In the same rockabilly vein infused with a dose of soul, “Big Bertha” co-written with the late and great Carl Lee Perkins will get you on your feet and moving! “Big Bertha” is actually about a golf club. 🙂

The next song on this album is probably my favorite just because it’s such a heartfelt and moving story. “I’ll Save A Place” is about two brothers and their unbreakable bond. The instrumental arrangement on this one is as rich as decadent chocolate with full strings and piano added. Have a tissue handy when you listen.

“Mosey Off” is a fun song about dying. Oh, wait! Dying is supposed to be sad and morbid. Not the case with this tune. I love the mention of Texas red dirt clay and San Jacinto river mud. Just that line alone is pure visual artistry.

With a bit of sarcasm, “Undertaker” is a rocking tune about the man who claims the body after the soul is gone.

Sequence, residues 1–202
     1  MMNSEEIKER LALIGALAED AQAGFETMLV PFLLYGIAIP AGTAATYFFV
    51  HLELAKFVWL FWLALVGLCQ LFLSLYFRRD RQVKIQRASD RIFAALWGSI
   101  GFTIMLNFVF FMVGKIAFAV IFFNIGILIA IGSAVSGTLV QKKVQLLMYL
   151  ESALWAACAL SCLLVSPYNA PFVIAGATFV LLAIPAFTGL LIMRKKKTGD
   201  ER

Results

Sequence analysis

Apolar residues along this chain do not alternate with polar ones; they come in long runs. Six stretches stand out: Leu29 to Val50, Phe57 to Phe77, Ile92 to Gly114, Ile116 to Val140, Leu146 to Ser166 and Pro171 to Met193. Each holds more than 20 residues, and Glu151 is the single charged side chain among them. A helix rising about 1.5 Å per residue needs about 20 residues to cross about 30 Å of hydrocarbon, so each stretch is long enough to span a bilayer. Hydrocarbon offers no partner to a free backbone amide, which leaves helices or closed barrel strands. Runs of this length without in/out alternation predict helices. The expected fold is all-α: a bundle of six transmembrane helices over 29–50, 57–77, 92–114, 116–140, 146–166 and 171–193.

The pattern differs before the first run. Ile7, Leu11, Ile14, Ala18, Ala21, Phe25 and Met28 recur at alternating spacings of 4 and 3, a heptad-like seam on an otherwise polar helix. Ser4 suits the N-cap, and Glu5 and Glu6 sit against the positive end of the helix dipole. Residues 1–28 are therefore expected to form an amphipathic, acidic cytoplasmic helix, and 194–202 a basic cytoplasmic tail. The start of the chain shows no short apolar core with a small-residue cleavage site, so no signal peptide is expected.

The album closes with a spiritual tune, “Jericho.” What are you going to do when the walls of Jericho tumble? “Are you gonna roll? Are you gonna run…?”

I cannot say enough about this album. Each song is fantastic. The songwriting is superb, the instrumental arrangements are varied and the vocals are smooth and spot-on. It’s a journey from beginning to end, straight from the heart and soul of Randy C. Moore.

I highly recommend that you click over and purchase your copy. Once it’s on your playlist, you’ll find yourself bringing it back up over and over again the way I do!

For a physical copy of the CD, visit Randy C. Moore’s online store

For streaming, go to Amazon ** iTunes